You may not know me, but I know all about you. I’m a data collector for the National Security Administration. But don’t worry, I’m not here to defend our domestic surveillance program or deny its scope. I’ll be the first to admit that we have indeed been spying on you. You, personally. We have mined your phone records, your Google searches, and your direct messages on Twitter. We know your favorite YouTube videos, and we know which Buzzfeed articles you sent around the office with captions like “LOL SO TRUE.” We have neatly collated lists of your most-visited and your privately-viewed. We even recorded your Bing activity. Unethical? Probably, but I prefer to leave that question to the higher powers. What I’m here to do is save you from yourself.
I’ll start at the beginning. Getting the position was thrilling. I mean, data collector! I spent most of my time eating kettle corn while looking up old acquaintances from high school. Sheldon Jackson, for example, has gone from being the popular quarterback to a sad, sad man whose search history includes “regrow hair cheap” and “human hug feeling.” Rita Stinson, salutatorian, is now a clean-cut vice president at JPMorgan, but her SecondLife avatar has spiked purple hair and is a steampunk anarchist named “Spleen.” Jenny Grafton seems happily married, not that I care. Nine of my former classmates are divorced, three more are closeted, and nearly half of them have ordered self-help books from Amazon.
In addition to my private snooping, the job required me to trek through a never-ending wasteland of Facebook profiles. It seems to me like the sadder people are in their real lives, the more they pretend to be happy online. My old middle school math teacher, for example, is severely in debt—this I learned from her email correspondence with a loan shark named Stinky Pat—but her latest status reads, “just bought a BRAND-NEW bike (talk about a SPLURGE?!) and i couldn’t be happier!!!” Really, Ms. Stevenson? You have twice proposed marriage to Stinky Pat. Yesterday you spent six hours on Chatroulette, and for two of those hours you were the only user who wasn’t just a penis. Plus, that’s not even your bike in the picture! It’s your nephew’s. And Mr. Katchmore, shame on you for commenting, “can’t wait to see it when me + astrid are back from europe!” You wrote that from your kitchen in Hoboken, and Astrid is in a coma—or didn’t they teach you not to lie when you became a history teacher?
Celebrities, I learned, are especially prone to misrepresenting themselves over social media. Did you know that George Clooney has his hair professionally grayed? Or that Lady Gaga spends almost 90 percent of her time in sweatpants stained with the tears of oppressed sexual minorities? Justin Bieber is actually bald, and Nicki Minaj is a five-foot-three Jewish ex-con named Moe. All these people, the ones you spend so much time watching on television and following on Twitter, you probably wouldn’t recognize any of them in real life. Example: see that pig-tailed girl picking her nose over there? That’s Miley Cyrus.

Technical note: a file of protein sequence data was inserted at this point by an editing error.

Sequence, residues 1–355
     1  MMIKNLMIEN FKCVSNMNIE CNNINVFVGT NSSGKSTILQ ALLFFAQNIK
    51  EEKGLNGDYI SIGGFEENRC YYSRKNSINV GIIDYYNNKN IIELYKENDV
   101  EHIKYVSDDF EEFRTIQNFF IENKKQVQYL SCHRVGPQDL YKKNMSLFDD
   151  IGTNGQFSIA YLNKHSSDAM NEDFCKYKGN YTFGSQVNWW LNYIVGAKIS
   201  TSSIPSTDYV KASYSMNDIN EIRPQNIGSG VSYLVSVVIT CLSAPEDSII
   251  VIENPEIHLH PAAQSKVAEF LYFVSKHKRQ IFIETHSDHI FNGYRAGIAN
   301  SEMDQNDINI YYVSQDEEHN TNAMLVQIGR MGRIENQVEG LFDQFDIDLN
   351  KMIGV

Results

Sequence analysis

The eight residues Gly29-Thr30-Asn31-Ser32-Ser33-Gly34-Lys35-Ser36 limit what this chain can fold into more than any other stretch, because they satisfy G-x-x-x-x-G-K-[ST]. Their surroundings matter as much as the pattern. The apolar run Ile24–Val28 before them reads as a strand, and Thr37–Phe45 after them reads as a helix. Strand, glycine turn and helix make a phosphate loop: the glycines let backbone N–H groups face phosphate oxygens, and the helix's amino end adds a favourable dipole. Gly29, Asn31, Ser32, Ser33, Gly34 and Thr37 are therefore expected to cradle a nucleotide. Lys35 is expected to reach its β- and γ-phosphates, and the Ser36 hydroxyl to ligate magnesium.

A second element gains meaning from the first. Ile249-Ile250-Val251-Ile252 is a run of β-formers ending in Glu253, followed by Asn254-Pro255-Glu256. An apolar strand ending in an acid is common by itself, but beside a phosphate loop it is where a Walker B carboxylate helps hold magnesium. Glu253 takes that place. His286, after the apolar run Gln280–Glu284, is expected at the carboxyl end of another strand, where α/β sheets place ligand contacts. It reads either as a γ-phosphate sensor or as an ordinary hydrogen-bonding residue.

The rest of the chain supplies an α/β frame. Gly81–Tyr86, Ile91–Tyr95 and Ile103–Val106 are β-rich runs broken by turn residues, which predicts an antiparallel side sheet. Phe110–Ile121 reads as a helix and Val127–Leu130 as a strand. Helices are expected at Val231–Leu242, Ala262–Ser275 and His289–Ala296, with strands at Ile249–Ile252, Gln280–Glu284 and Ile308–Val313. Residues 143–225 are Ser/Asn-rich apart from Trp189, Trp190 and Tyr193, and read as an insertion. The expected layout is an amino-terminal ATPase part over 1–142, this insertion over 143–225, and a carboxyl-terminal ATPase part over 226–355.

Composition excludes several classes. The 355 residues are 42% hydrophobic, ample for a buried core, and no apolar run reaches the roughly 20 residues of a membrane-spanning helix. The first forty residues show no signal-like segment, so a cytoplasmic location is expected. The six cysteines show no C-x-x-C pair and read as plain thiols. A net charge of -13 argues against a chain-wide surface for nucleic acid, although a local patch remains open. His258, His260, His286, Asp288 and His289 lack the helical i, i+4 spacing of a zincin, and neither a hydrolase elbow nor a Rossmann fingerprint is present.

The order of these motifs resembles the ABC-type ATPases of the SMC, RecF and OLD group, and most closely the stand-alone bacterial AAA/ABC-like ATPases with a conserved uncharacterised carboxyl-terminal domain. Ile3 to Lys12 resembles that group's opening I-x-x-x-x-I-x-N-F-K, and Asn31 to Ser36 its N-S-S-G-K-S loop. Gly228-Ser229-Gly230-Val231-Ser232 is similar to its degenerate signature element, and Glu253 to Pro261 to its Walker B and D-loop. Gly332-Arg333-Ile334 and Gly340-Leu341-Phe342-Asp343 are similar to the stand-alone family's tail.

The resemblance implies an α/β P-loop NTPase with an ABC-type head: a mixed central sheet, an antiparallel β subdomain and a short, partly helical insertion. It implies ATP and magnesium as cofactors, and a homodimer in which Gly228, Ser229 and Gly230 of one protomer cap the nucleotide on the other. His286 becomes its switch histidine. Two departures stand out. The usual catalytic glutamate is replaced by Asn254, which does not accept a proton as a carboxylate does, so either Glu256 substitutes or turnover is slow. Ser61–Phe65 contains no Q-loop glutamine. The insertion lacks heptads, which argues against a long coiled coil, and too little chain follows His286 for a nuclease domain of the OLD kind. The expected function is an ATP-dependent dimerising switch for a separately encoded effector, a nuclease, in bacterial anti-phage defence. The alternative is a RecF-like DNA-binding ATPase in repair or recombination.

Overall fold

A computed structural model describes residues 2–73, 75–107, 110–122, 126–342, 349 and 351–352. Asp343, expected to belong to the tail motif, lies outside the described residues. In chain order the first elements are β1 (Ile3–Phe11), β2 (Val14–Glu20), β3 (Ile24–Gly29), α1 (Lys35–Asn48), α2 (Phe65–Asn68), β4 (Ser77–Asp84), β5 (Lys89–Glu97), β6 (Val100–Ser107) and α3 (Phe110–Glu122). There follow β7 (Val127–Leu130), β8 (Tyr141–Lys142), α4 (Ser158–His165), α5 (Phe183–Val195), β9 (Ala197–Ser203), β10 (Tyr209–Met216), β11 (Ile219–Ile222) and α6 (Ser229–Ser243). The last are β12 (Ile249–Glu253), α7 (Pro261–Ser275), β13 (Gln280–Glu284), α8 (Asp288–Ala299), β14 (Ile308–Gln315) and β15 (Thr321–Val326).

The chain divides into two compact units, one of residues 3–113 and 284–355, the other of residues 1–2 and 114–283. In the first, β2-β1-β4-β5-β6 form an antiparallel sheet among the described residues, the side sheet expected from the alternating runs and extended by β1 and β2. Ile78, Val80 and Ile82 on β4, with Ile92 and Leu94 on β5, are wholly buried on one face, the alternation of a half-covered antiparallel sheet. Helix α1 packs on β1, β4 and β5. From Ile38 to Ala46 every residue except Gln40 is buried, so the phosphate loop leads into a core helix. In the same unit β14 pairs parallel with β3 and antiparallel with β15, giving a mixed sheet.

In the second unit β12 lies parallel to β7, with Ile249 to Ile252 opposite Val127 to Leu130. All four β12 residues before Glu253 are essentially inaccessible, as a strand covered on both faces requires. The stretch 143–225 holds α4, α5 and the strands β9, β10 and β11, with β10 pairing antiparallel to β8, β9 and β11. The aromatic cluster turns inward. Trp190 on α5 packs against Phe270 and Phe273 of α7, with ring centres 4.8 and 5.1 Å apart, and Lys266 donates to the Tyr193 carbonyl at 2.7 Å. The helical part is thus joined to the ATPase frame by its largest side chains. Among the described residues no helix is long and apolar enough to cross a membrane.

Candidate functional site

I mentioned that we have neatly collated lists of everyone’s most-visited and privately-viewed web pages, and I wasn’t kidding: the lists are in three-inch blue binders, along with printouts of Google search histories and recent text exchanges. I read your sister’s file earlier today, and there’s some juicy stuff in there. (You should ask her: “Elā mīru telugu māṭlāḍaṭamu nērcukōlēdu?” That’s Telugu for, why did you learn to speak Telugu?) And currently sitting on my desk, this moment, as I’m writing this, right in front of me? Your binder—your personal NSA life-file. If I open it, I’ll learn all those small dark secret things you’ve tried to hide from everyone.
But why do you so desperately want to hide? When you’re hiding, you’re alone. Even when you’re in public, even when you’re singing “Superbass” to a sold-out arena—because Nicki might look great, but Moe is still there, plugging away under a pile of fake hair and makeup and clip-on nails, and nobody will talk to him about the aesthetic purity of Shabbat.
When you’re alone like that, you become lonely, and that’s when you order self-help books from Amazon and try to elope with Stinky Pat and lie about how your wife isn’t actually in a coma. You’ll say anything to hide your loneliness from others. Eventually, you’ll become hidden even from yourself, and not even the NSA will be able to find you. Which is saying something, because, as I mentioned earlier, we have a lot of data.